The American Senator

By Anthony Trollope; John Halperin | Go to book overview
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end of his cigar by the usual process of burning, so quickly did he eat the other end. But he took that which Mounser Green offered him without any displeasure at the allusion. 'I'm sorry to say that I haven't a spittoon,' said Mounser Green, 'but the whole fire-place is at your service.' The Senator could hardly have heard this, as it made no difference in his practice.

Morton at this moment was sent for by the Secretary of State, and the Senator expressed his intention of waiting for him in Mr. Green's room. 'How does the great Goarly case get on, Mr. Gotobed?' asked the clerk.

'Well! I don't know that it's getting on very much.'

'You are not growing tired of it, Senator?'

'Not by any means. But it's getting itself complicated, Mr. Green. I mean to gee the end of it, and if I'm beat,-- why I can take a beating as well as another man.'

'You begin to think you'll be beat?'

'I didn't say so, Mr. Green. It is very hard to understand all the ins and outs of a case like that in a foreign country.'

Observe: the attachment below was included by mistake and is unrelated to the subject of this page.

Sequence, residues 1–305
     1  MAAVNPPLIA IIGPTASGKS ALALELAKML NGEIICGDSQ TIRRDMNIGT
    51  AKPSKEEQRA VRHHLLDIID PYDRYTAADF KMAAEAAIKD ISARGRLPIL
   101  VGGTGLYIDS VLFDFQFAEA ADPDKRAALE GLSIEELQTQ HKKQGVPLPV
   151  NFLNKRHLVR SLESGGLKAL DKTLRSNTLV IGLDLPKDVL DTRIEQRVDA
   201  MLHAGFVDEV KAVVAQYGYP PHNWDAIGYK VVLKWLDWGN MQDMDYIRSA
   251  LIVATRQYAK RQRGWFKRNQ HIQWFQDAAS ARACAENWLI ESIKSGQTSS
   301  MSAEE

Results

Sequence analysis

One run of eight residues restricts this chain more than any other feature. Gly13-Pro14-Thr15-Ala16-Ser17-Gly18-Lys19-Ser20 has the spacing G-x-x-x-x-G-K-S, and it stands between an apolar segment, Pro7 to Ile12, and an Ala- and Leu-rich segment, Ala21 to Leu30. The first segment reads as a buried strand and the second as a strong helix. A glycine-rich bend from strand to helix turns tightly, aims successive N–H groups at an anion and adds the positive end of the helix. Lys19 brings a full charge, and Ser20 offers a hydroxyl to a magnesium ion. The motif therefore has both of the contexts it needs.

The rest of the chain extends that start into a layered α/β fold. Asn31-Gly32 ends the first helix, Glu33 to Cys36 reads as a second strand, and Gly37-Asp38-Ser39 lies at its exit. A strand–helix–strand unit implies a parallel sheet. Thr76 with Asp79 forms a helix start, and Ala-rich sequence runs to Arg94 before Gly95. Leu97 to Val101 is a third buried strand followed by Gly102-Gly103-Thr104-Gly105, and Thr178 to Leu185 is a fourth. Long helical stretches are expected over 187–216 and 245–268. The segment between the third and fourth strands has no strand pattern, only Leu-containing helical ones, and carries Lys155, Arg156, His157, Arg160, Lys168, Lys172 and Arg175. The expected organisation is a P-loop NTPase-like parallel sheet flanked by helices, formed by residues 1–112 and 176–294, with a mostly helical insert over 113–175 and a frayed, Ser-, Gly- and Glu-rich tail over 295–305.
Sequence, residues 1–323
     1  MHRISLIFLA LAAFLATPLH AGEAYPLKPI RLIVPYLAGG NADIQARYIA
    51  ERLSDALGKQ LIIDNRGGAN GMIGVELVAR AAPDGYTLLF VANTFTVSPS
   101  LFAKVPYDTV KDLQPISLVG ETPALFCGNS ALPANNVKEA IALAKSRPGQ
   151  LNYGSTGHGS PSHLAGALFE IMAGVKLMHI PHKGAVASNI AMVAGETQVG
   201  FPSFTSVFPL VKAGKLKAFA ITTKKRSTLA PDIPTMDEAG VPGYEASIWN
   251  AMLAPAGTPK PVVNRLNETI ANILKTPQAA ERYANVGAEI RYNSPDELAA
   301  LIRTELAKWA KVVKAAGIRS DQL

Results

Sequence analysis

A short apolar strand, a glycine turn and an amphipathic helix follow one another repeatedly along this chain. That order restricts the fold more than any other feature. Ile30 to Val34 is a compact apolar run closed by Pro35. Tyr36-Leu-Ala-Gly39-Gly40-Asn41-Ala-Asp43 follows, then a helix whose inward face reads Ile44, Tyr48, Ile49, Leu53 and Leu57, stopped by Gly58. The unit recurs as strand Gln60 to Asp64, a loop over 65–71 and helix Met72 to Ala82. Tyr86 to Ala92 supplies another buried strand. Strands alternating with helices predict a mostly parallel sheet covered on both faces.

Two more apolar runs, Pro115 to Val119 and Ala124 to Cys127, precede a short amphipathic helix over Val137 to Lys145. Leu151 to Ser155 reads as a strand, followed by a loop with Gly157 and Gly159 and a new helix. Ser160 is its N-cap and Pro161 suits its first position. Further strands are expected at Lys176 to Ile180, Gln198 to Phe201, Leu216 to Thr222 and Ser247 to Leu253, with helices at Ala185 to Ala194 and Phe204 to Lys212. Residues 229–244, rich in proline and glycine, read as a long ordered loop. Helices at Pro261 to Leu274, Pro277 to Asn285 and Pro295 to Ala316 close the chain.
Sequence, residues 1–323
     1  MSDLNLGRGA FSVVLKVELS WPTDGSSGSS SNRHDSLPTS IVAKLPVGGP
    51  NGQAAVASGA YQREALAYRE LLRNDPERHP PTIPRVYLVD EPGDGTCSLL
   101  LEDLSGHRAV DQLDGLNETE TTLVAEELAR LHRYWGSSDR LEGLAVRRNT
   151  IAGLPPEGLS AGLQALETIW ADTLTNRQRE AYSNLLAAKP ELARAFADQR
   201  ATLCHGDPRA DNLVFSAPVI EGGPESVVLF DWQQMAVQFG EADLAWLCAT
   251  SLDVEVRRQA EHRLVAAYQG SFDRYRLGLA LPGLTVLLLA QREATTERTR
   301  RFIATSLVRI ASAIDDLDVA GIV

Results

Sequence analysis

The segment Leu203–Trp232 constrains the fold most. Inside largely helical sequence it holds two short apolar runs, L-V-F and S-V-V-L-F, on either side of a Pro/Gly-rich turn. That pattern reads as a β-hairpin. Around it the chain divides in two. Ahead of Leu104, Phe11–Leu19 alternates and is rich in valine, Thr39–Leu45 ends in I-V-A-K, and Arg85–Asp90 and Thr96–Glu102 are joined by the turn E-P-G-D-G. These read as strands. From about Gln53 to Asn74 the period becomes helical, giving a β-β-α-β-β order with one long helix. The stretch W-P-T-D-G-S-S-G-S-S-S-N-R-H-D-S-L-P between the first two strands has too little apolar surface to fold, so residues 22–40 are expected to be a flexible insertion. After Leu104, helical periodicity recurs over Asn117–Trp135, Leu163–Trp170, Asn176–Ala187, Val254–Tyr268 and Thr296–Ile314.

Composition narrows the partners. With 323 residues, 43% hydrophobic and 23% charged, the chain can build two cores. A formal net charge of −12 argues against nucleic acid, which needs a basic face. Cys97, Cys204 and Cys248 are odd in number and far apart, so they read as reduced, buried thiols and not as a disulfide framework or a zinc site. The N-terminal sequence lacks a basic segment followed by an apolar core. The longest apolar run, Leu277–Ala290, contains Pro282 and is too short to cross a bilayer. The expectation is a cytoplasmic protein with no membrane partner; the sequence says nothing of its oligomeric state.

'Then I shouldn't try it, Senator.'

'There I differ. It is my object to learn all I can.'

'At any rate, I shouldn't pay for the lesson as you are like to do. What'll the bill be? Four hundred dollars?'

'Never mind, Mr. Green. If you'll take the opinion of a good deal older man than yourself and one who has perhaps worked harder, you'll understand that there's no knowledge got so thoroughly as that for which a man pays.' Soon after this Morton came out from the great man's room and went away in company with the Senator.


CHAPTER XXIX

THE SENATOR'S LETTER

SOON after this Senator Gotobed went down, alone, to Dillsborough and put himself up at the Bush Inn. Although he had by no means the reputation of being a rich man, he did not seem to care much what money he

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